If you are a brand looking to promote your products in India, the Indian masses have already decided it for you – do not mix bold topics with religion!
The month of October witnessed multiple failed advertisements from well-established Indian brands such as the clothing brand FabIndia, the consumer goods brand Dabur, and the designer brand Sabyasachi. Each of these brands aimed to sit shotgun on the festival bandwagon, however, failed miserably after each of them was forced to withdraw their ads upon receiving heavy backlash.
The first brand, FabIndia is India’s largest private platform for products that are made from traditional techniques, skills, and hand-based processes. The Brand made the mistake of launching its new collection right around the time of the Indian festival Diwali, and while allegedly referring to the festival, naming the said collection, “Jashn-e-riwaaz” (Urdu – celebration of tradition). Bharatiya Janata Party’s (BJP) youth wing president Tejasvi Surya tweeted, “Diwali is not Jashn-e-Riwaaz. This deliberate attempt of abrahamisation of Hindu festivals, depicting models without traditional Hindu attires, must be called out.”
Eventually, #BoycottFabindia started trending on social media platforms. FabIndia was accused of “defacing” the Hindu festival of Diwali by unnecessarily connecting it with the Urdu term Jashn-e-Riwaaz. Many coined the ad as “culturally inappropriate”, declaring that there was no need to infuse secularism into a Hindu festival. Many declared that they would not buy from FabIndia again. Ultimately, the Brand had to withdraw the Jashn-e-Riwaaz promo.
Days after the FabIndia debacle, the FMCG Company Dabur was put under the spotlight for their advertisement of Fem Creme bleach. The advertisement that was part of Dabur’s #GlowWithPride campaign featured two women in a same-sex partnership celebrating and performing the Indian ritualistic ceremony, Karwa Chauth, and breaking each other’s fasts. Traditionally, the ceremony involves a married woman keeping a day-long fast for the long and healthy life of her husband, followed by the husband helping her break the fast with blessings from the Moon.
Unfortunately, this well-intentioned but unconventional and rather daring campaign fell short of its desired effect upon the Indian masses as the ad was generally perceived as taboo. While some of the more progressive young citizens received the ad well, “Well done, Fem/Dabur! A nice film for a traditional, often-criticized festival by an otherwise conservative brand,” another wrote, “Why are they defaming Hindu rituals by showing western ideas? This is against our culture.” Issuing an apology, Dabur India said, “Fem’s Karwa Chauth campaign has been withdrawn from all social media handles and we unconditionally apologize for unintentionally hurting people’s sentiments.”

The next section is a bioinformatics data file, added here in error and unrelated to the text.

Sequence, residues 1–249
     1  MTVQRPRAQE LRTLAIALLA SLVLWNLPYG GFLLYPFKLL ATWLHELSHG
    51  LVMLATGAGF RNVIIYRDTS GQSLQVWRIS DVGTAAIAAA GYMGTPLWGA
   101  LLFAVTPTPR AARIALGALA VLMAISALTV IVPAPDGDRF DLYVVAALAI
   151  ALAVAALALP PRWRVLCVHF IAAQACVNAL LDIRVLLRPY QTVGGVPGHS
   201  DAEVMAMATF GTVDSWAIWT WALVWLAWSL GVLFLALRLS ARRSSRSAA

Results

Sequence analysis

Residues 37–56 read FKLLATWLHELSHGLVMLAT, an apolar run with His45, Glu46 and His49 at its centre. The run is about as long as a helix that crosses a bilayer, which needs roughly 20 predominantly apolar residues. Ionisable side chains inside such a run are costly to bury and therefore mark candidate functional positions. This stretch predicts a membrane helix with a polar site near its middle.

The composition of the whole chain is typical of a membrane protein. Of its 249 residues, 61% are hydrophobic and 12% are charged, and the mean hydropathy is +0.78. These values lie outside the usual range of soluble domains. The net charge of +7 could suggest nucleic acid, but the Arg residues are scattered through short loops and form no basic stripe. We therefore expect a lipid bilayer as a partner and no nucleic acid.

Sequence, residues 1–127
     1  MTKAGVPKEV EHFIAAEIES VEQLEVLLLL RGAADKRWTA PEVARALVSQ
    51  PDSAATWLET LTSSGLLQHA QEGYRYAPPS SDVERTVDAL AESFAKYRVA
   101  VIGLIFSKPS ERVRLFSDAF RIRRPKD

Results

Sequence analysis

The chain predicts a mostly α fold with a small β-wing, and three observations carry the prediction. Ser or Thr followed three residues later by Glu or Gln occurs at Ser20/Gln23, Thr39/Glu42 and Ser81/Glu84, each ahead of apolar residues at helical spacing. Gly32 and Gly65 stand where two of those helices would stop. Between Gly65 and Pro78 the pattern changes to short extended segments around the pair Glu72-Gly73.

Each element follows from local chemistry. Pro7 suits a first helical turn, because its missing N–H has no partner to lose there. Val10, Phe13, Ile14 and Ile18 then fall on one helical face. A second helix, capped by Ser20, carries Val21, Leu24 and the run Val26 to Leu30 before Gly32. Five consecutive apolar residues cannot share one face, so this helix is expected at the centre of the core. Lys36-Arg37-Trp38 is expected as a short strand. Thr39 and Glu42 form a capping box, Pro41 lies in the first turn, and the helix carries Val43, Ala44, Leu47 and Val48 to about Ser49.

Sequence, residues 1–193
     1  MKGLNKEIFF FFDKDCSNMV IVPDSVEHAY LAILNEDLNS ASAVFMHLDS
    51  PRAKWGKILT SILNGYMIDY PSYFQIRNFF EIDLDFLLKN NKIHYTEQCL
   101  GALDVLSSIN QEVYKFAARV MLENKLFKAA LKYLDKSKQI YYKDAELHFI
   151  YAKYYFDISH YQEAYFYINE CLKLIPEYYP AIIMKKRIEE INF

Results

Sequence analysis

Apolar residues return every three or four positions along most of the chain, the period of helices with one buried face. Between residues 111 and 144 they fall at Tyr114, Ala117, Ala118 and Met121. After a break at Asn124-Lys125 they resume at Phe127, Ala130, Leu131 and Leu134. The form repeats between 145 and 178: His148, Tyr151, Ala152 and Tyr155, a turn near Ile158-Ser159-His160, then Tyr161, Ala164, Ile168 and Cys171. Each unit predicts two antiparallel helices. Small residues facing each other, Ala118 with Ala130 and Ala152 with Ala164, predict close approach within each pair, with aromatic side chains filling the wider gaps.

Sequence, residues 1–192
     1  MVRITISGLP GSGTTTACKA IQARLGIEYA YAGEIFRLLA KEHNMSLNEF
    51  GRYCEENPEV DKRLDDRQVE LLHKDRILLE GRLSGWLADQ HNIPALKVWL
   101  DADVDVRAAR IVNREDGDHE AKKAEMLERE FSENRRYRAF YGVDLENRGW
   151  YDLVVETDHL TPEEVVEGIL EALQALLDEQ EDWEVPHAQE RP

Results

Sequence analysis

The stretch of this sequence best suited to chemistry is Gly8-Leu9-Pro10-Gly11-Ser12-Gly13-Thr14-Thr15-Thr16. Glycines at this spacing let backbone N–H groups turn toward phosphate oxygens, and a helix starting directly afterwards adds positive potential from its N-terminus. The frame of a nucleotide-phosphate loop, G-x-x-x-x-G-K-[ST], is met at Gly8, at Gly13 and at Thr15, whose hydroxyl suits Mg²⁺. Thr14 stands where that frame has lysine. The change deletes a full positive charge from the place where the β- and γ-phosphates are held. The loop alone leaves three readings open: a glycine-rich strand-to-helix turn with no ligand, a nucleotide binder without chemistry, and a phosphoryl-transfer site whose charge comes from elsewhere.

After Dabur came the celebrity designer brand Sabyasachi Mukherjee, who was also forced to take down its ad for its latest jewellery collection which depicted models in intimate apparel wearing the Mangalsutra (a necklace worn by married women only). The ad was received as being obscene and graphic by the “woke” social media. The Madhya Pradesh Home Minister issued an ultimatum to the brand and warned a police case and statutory action if the “objectionable and obscene” advertisement was not pulled down within 24 hours.
In response, Sabhyasachi issued the following statement on Instagram, “In the context of making heritage and culture a dynamic conversation, the Mangalsutra campaign aimed to talk about inclusivity and empowerment. The campaign was intended as a celebration and we are deeply saddened that it has instead offended a section of our society. So, we at Sabyasachi have decided to withdraw the campaign.”
Readers will observe that in all of the above unwillingly withdrawn campaigns, the problem was not of the law, but of meeting public opinion. In India, people tend to be very sensitive to their religious beliefs. If a brand intends to raise a bold topic, it must do its due diligence concerning how the ad may be perceived, lest it shall have to pull the ad back.
Another very important point to observe here is that the entire backlash is received not through the traditional channels, but rather on social media. This fact goes on to portray how active and more importantly how powerful Indian masses have become on social media. The uproar would start via messages being floated on Twitter, Facebook, Instagram, etc, and eventually become grow into an unbearable problem for the advertiser. As evidenced above, the advertiser would rather recall the ad than risk the brand’s image and lose business.